Smita has retired from work at 49 and plans to start her own business. Here is how she can do this while also ensuring a regular income
Updated on: 10-Aug-2022 •Research Desk
Smita (49) has recently taken early retirement from her job. She received Rs 50 lakh as the post-retirement benefits and has around Rs 85 lakh in her EPF account. Her husband, Atul, is of the same age and works in the telecom industry. His monthly take-home income is Rs 95,000. His EPF account balance and PPF investments together amount to Rs 93 lakh. The couple also holds Rs 32.5 lakh in equity mutual funds. Smita is planning to start her own travel business and has a few other goals for which she wants us to draw a financial road map.
Smita and Atul have a monthly expenditure of Rs 90,000. They have an emergency corpus of Rs 10 lakh, which is sufficient to meet their expenses for about a year. Typically, an emergency corpus should be equivalent to six to eight months of your expenses. But it is fine to maintain a corpus which is capable of meeting your expenses for even longer. However, Smita should not increase her emergency corpus beyond this point as it may result in an opportunity loss.
The emergency corpus should be kept in a combination of sweep-in fixed deposits and short-duration debt funds. This ensures both liquidity and better returns.
Action: Don't increase the emergency corpus further.
The couple has individual health-insurance policies of Rs 3 lakh each. Given their age, they may want to increase their health covers to Rs 5-7 lakh. Also, they can port their insurance to a combined floater cover, which may work out to be less expensive than two separate covers. Porting their existing covers will help them to continue enjoying benefits such as coverage of pre-existing diseases and no-claim bonus, if any.
Also, they should buy a critical-illness cover of at least Rs 10-15 lakh. A critical-illness cover pays a lump sum on the diagnosis of a specified serious diseases like cancer, organ failure, etc., the treatment of which tends to be expensive.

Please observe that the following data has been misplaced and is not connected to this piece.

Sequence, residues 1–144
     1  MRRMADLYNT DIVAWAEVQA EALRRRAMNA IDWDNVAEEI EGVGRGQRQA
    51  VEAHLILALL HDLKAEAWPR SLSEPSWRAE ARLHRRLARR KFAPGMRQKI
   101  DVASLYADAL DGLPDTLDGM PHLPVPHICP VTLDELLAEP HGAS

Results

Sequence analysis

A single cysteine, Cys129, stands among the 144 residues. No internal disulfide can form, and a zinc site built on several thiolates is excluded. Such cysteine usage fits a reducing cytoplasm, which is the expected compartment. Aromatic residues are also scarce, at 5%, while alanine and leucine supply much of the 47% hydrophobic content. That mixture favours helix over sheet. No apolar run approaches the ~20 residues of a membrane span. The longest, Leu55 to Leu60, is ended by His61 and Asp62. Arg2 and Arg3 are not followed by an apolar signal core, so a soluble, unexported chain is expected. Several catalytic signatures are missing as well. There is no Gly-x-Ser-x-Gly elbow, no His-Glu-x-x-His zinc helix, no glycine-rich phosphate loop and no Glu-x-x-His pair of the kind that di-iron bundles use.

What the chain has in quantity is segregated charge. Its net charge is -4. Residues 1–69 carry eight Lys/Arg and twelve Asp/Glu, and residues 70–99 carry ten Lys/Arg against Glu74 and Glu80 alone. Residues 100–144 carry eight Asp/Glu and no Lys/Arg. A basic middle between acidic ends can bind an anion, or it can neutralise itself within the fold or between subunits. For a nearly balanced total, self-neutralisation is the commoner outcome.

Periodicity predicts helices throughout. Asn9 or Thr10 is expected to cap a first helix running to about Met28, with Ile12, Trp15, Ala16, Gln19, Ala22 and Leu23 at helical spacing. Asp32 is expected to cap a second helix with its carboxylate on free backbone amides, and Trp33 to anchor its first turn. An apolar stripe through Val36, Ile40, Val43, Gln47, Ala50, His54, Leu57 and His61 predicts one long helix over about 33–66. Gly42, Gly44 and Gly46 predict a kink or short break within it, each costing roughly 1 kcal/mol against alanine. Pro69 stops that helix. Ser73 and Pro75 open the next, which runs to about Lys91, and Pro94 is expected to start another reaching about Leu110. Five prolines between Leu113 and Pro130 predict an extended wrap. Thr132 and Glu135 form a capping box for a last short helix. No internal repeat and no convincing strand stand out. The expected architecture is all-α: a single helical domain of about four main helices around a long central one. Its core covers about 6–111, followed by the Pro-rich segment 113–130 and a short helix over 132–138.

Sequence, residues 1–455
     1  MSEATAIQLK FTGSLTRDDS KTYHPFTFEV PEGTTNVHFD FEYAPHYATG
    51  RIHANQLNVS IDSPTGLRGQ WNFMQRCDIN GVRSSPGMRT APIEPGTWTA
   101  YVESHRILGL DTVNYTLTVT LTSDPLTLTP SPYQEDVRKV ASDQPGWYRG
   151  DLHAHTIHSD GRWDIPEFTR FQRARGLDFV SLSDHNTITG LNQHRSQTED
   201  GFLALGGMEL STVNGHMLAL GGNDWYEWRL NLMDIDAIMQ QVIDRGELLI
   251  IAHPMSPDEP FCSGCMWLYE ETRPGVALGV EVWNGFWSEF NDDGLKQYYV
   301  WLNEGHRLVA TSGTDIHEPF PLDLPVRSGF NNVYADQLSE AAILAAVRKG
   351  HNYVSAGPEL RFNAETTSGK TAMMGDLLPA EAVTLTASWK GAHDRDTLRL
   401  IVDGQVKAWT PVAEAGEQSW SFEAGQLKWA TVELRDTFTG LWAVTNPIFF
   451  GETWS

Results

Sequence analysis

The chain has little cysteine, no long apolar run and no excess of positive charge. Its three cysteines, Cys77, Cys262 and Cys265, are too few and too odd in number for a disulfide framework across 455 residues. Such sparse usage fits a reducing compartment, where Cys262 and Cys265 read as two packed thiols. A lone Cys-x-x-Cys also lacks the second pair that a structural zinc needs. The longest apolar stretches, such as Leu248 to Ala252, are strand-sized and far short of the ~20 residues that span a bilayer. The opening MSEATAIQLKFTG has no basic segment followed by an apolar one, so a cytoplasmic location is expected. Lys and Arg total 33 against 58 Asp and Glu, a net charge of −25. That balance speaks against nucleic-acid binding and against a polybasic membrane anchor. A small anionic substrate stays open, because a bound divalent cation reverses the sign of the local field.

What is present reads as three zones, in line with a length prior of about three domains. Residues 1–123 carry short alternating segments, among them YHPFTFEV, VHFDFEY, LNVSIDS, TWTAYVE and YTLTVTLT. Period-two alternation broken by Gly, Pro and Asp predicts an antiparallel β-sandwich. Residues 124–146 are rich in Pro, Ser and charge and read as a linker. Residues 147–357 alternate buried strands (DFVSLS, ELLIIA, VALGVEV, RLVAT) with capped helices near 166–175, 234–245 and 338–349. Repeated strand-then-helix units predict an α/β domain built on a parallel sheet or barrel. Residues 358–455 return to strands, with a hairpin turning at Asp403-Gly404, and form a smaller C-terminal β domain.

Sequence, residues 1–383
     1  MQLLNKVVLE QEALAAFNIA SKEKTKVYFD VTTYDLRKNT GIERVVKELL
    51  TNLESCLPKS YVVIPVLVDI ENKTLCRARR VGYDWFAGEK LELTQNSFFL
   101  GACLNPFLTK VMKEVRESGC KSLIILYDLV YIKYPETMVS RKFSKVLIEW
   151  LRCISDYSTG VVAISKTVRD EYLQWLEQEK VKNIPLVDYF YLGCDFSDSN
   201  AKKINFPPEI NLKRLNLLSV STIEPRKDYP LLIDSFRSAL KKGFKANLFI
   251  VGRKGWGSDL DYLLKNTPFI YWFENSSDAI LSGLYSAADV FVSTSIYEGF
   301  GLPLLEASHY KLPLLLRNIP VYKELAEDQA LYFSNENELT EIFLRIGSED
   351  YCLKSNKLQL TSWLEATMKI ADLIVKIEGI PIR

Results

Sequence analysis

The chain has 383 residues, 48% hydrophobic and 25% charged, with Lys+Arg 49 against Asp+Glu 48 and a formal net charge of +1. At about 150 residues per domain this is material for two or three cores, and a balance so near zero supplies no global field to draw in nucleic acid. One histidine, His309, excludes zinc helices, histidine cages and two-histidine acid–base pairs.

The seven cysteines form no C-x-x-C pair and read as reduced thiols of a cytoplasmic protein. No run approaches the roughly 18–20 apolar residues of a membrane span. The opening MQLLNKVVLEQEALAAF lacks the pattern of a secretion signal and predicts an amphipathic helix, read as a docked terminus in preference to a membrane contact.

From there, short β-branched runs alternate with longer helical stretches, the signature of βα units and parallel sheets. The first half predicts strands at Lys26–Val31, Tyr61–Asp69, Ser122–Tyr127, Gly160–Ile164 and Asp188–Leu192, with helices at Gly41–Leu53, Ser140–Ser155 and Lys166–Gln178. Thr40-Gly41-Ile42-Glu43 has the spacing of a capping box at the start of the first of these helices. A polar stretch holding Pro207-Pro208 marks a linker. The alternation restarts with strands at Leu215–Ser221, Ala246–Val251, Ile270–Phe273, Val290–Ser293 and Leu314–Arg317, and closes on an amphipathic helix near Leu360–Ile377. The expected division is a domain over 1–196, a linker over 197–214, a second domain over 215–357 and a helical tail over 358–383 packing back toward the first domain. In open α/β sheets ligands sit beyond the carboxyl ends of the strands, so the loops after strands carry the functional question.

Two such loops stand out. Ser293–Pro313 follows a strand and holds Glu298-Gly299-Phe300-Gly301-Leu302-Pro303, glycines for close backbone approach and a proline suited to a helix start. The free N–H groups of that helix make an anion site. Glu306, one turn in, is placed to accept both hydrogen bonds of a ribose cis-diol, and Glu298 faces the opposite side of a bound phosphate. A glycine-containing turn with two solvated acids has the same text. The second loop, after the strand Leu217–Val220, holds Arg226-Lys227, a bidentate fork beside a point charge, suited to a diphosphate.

Both Smita and Atul have personal-accidental and disability covers of Rs 50 lakh each. While they are on the higher side, given their accumulated corpus, it's okay to maintain them.
Action: Raise your health-insurance covers. Buy a critical-illness cover.
Smita and Atul have invested in unit-linked insurance plans (ULIPs) and endowment insurance. But they don't need a life cover as they don't have financial dependents. They should consider surrendering these policies and investing the proceeds in equity funds for higher returns over the long term.
Generally speaking, one should avoid buying ULIPs and endowment plans as they neither provide good insurance nor sufficient returns. Investment and insurance should be kept separate. Combining them results in sub-optimal outcome. For life insurance, go for term plans as they provide a large cover at low cost.
Action: Consider surrendering your ULIPs and endowment plans and invest the proceeds in equity funds for higher returns.
Smita wants to use her accumulated corpus and retirement proceeds to generate an income of Rs 50,000. Her total retirement proceeds amount to Rs 1.35 crore, including her EPFO balance of Rs 85 lakh. The interest earned on EPF post retirement is taxable. Hence, Smita should withdraw her EPF and invest it in equity mutual funds. This will also help her earn better returns. She can go for three-four aggressive hybrid mutual funds and invest the EPF proceeds over a period of three years. Doing so will reduce the risk of catching a market high.